“When we’re thinking about our environment you can destroy faster than you can rebuild,” Haaland said. “You can cut down a 500-year-old tree. That tree is never going to grow back like that again. Climate change is real, and I’m going to fight to the bitter end to protect our environment because it’s the only one we have and our environment gives us everything.

“I am doing everything I can in Congress to protect our environment. There are things that are more important than money, and I have never been motivated by money.”

A year after approximately 60 Natives ran for political office across the country – many of whom were elected – Ruth Buffalo, the newly-elected Native representative for South Fargo, and other women in leadership across the state have been harassed and threatened, sometimes even by their own political party.

Haaland’s message to women in North Dakota was to remain strong and hopes that nationally, more women will run for office.

“My campaign slogan was ‘Be Fierce,’” Haaland said. “Be fierce for everything. Be fierce for the environment. Be fierce for women. Be fierce for children. Women throughout history have been… it seems like forever that our voices have been silenced. They work really hard to suppress us and we are incredibly strong and resilient. We need to keep standing up for the things we believe in.

“They just need to keep stepping up.”

No one asked Haaland to run for office, she made the choice herself, she said.

“We would like to see more women and more women of color in office,” Haaland said. “Women have different perspectives. We’re the nurturers, were’ essentially the caretakers of our families, and in Pueblo culture women – we’re a matrilineal society – so we would follow the women’s line. When the Spanish came in late 1500s they excluded women from their government, which the Pueblo Indians adopted, so it’s been hard for women to break through there.”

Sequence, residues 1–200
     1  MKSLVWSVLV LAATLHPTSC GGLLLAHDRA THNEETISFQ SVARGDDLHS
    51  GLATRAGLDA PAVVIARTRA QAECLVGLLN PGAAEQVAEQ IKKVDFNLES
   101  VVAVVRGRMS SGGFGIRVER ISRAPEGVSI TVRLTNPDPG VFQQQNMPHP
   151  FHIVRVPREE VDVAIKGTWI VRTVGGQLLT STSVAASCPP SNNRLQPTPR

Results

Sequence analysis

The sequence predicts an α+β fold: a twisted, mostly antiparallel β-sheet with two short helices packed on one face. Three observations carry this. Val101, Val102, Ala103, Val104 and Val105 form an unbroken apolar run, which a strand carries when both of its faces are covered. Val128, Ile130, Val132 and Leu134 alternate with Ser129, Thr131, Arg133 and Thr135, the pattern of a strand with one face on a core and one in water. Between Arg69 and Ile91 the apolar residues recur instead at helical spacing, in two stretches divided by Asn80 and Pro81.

Women, especially Native women, typically think out decisions carefully before making a decision.

“You know, there’s a statistic out there that if you ask a man to run for office he’ll say yes the first time, but it takes a woman seven times to say yes,” Haaland said.

“As a Pueblo, we’re raised in communities, separately in our own family. We’re not just islands. We’re a part of a community and we are responsible for that community, and so we tend to think many, many other people before we think about ourselves and just think about our family.”

With 23 Presidential candidates and rumors of a growing Democratic rift between support for Senator Bernie Sanders or Senator Joe Biden, Haaland believes that voters will still be able to relate to those whose messages are shared the most. She made no prediction on who she will support, but is waiting to see whose message will resonate the loudest.

“I’m a progressive Democrat, I am who I am, and I am just not another person to call out other Democrats,” Haaland said. “I believe it’s our values that make us Democrats and it’s not up to me to question values. I will vote the way I vote and in Congress I’m going to vote for background checks and I am going to vote for waiting periods on guns, and for equality because I don’t think we should discriminate against anybody in this country.

“I don’t want children, immigrant children, thrown in cages. I am going to support common sense immigration laws that give people a legal path to citizenship.”

Most of the time Democrats will vote the same as her on the issues she cares about the most, she said. She searches for common ground not only in the Democratic Party but across the aisle as well, she said.

“I’m not trying to find ways to divide us,” Haaland said. “I want our party to be strong and we need to do it together. Either their messages will resonate with the Democrats in this country or it won’t. Let the process play itself out. I am going to wait and see; I’m not going to foresee anything. When it comes time to vote in the general election we need to stand together.”

Shane Balkowitsch’s book entitled “Northern Plains Native Americans: A Modern Wet Plate Perspective (Volume I)”is a limited edition, and can be purchased online. Balkowitsch personally signs all 1,000 books currently up for sale. Sales from the book will benefit the American Indian College Fund.